The invertebrate world is a dangerous place. It is a lawless world where life is cheap and where no creature can ever claim to be the true master. During the many years I have spent delving into the macro world, I have seen things that have made a mockery of my pre-conceived ideas about predators and prey. I have seen ants ambushed by spiders that are no bigger than the ant’s head, I have seen bugs tackle and subdue bees, and I have even seen a fly attack and devour a spider in the spider’s own web. No one is safe in this world.

This constant threat of attack has forced insects and spiders to evolve ways of escaping from or fighting off their attackers. Some are fast runners, some are agile fliers, some have shielded themselves with thick armour and some have developed chemical defenses in the form of foul-tasting and sometimes toxic chemicals. In turn, the predators have also had to become fast, agile, strong, or armed with their own chemical weapons to quickly subdue a victim. But there are some creatures from both sides of the arms race that have employed that most devious of tactics – deception.

Making yourself appear to be something you’re not can greatly increase your chance of survival. To achieve this, you can either take on the appearance of an inanimate object, otherwise known as camouflage, or you can take on the guise of another creature that predators are hesitant to attack, otherwise known as mimicry.

Didymuria violescens - Spur-legged Stick Insect - Tcmwl260215 (3)
The Spur-legged Stick Insect, Didymuria violescens, is cleverly disguised as a Eucalyptus leaf, complete with red legs that resemble the tree’s young stems.

Naturally, creatures that employ camouflage are often the hardest to find, which is exactly what they are trying to achieve. More often that not, I discover camouflaged insects and spiders purely by chance, either by seeing them move or just by being lucky enough to distinguish them from their surroundings. Some of the better known examples are Stick and Leaf Insects from the order Phasmatodea and the leaf-like Katydids, relatives of Grasshoppers, but there are examples of camouflage in virtually every insect order, as well as in many of the spider families, so predator and prey alike get to enjoy the advantages of being invisible.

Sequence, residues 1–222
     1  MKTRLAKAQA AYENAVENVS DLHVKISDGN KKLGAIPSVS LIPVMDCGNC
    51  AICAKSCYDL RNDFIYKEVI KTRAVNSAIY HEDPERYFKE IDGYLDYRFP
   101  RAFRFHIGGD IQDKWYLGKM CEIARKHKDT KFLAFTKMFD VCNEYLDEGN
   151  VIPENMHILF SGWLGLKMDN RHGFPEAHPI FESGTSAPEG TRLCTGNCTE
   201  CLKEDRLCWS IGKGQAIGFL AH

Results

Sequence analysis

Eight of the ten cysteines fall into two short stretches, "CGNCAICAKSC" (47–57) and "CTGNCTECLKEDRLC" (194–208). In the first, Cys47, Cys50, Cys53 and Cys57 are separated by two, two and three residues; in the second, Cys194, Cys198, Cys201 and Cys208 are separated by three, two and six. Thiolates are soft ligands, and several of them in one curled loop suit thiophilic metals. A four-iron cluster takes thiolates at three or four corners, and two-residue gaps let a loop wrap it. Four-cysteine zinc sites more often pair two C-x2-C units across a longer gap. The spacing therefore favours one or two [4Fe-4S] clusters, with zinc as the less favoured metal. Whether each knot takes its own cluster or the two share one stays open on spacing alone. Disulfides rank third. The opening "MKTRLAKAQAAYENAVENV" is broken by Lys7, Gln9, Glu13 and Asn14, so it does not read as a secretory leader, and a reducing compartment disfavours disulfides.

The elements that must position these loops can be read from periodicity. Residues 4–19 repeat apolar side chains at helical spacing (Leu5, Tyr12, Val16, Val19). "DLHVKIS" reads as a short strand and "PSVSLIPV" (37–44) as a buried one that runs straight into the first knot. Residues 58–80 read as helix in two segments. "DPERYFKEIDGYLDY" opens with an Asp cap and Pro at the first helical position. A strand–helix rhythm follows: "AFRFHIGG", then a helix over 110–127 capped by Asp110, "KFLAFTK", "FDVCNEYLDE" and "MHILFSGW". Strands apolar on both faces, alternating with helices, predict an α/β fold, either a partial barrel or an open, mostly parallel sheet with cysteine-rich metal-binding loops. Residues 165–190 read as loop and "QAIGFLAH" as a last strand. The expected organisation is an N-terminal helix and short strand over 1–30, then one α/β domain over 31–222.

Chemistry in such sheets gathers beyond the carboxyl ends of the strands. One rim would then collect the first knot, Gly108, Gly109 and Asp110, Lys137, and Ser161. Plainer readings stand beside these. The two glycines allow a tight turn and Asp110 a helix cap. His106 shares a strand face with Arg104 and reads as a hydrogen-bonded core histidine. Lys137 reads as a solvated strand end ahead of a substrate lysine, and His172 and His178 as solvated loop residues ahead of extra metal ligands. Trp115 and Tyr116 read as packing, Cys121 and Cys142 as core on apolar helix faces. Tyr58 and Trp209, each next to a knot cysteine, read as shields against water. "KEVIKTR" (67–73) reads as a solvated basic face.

Camouflage can take on many forms. Creatures that spend a lot of time in and around vegetation have evolved to look like grass, twigs, bark and leaves. Their colours and textures are usually a very close, if not perfect match for their surroundings and some go an extra step by having, for example, wings with ragged edges that look like a dead, tattered leaf, or mottled colours that could be mistaken for lichen. For some of the ground dwellers, such as the aptly named Stonehoppers, looking like a pebble is the way to go.

The Tamopsis species spider in the photo at the top of this article is a great example of camouflage. Members of the family Hersiliidae, commonly known as Two-tailed Spiders, spend most of their lives on the trunks of trees. They lie flat against the trunk, meaning they don’t cast much of a shadow, and their subdued brown and/or green colours make them very difficult to see unless they move. But even when they do have to make a run for it, they are very fast and will dart around to the other side of the tree and freeze, once again becoming one with the trunk.

I have been fortunate enough to have recorded many invertebrates that wear their “cloak of invisibility” and every time I am left in awe of these evolutionary wonders. I’m afraid I can’t show them all on this page, but below are just a few of the masters of camouflage. I hope you visit the image galleries to see some of the other fine examples.

Unknown Geometrid larva - SrprsCrk191013 (1)
This dry, broken twig, is in fact a caterpillar from the moth family Geometridae. This family contains many examples of camouflage amongst the larvae and adults of various species.
Ciulfina rentzi - Coottha271014 (2)
Ciulfina rentzi is a Praying Mantis that knows how to save energy. They are quick and nimble hunters, but sometimes it’s easier to sit and wait for a meal to come to them. By the time an insect spots this little eating machine, it’s probably already too late.
poss Ledromorpha sp. - BlckMntn121114 (2)
Being flat is very handy when you live on a tree. The nymphs of Ledromorpha planirostris, one of the largest members of the family Cicadellidae, barely have a profile when viewed side-on and their dull, mottled colours help in breaking up their outline. They can, quite literally, hide in plain sight.
poss Calofulcinia sp. - Kndlla011114 (1)
Another mantid, this one possibly a Calofulcinia species, can hunt virtually undetected on the moss-covered rocks in a southeastern Queensland rainforest.

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